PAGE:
Millions of Android phones, including the entire line of Nexus models, are vulnerable to attacks that can execute malicious code and take control of core functions almost permanently, Google officials have warned.
The officials have already uncovered one unidentified Google Play app that attempted to exploit the vulnerability, although they said they didn't consider the app to be doing so for malicious purposes. They are in the process of releasing a fix, but at the moment any phone that hasn't received a security patch level of March 18 or later is vulnerable.
The flaw, which allows apps to gain nearly unfettered "root" access that bypasses the entire Android security model, has its origins in an elevation of privileges vulnerability in the Linux kernel. Linux developers fixed it in April 2014 but never identified it as a security threat. For reasons that aren't clear, Android developers failed to patch it even after the flaw received the vulnerability identifier CVE-2015-1805 in February 2015.
"An elevation of privilege vulnerability in the kernel could enable a local malicious application to execute arbitrary code in the kernel," an Android security advisory published Friday stated. "This issue is rated as a critical severity due to the possibility of a local permanent device compromise and the device would possibly need to be repaired by re-flashing the operating system."
Google officials went on to say they are aware of at least one application that was available both within and outside of the official Play market place that exploited the vulnerability. Many users willingly install such rooting apps to give their phones capabilities that wouldn't be possible otherwise. Still, as reported in October, the root exploits pose a danger to the entire Android user base, even when used openly by app developers to provide added functionality. Late last year, researchers from security firm Lookout found malicious apps available in a third-party market that exploited unpatched rooting vulnerabilities to make them extremely difficult for average users to uninstall.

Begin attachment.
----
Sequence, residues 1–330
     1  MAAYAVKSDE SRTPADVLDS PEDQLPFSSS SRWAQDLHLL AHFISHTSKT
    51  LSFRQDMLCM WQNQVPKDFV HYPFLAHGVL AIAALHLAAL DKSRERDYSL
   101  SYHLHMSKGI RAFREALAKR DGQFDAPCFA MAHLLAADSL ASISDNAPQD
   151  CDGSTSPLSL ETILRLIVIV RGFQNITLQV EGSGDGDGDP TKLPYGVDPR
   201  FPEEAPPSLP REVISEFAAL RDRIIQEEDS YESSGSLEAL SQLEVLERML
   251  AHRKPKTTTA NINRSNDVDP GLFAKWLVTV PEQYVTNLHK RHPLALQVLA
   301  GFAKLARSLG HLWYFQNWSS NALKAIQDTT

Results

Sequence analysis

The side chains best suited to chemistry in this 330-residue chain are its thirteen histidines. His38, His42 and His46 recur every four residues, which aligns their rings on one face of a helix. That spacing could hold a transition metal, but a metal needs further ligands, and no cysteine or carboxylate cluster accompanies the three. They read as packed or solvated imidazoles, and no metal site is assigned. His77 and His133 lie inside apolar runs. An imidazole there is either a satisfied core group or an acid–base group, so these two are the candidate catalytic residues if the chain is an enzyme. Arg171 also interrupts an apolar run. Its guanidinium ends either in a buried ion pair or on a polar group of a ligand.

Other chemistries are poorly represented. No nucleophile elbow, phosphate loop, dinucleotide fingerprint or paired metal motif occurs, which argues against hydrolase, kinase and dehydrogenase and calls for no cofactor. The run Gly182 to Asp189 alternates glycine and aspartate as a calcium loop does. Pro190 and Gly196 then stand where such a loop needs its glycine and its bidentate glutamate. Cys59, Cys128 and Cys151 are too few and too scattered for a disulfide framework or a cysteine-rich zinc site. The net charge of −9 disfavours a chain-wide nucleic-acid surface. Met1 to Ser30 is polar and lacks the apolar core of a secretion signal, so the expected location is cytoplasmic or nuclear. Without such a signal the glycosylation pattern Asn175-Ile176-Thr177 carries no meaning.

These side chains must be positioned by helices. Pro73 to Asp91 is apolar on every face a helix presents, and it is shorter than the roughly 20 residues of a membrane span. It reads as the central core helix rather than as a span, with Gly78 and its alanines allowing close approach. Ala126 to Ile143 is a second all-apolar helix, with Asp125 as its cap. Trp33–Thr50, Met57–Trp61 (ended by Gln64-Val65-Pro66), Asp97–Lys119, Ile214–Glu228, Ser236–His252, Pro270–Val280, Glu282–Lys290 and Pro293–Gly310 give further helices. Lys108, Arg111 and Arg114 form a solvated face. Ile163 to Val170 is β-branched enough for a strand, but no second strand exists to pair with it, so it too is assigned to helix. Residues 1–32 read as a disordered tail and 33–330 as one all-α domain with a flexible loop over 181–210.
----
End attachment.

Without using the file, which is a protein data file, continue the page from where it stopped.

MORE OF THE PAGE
Google said its Play marketplace prohibits rooting apps. Company officials also attempt to curb the installation of such apps available in other forums through use of the verify apps feature. Friday's advisory didn't identify the app that was exploiting the vulnerability except to say it was publicly available, both within and outside of Play, and worked on Nexus 5 and Nexus 6 phones.
The vulnerability is present in all Android releases that use Linux kernel versions 3.4, 3.10, and 3.14. That includes all Nexus phones, as well as a large number of handsets marketed under major manufacturer brands. Android releases that use kernel versions 3.18 or higher aren't susceptible.
Readers with a vulnerable phone should carefully consider the risks before knowingly installing a rooting app that exploits the flaw. They should also avoid apps available in third-party marketplaces, since they are more likely to host apps that exploit the vulnerability maliciously and without warning, and be on the lookout for updates in the coming weeks or months that patch the underlying security hole. The good news is that the flaw requires a local exploit, making remote drive-by Web attacks infeasible if not impossible.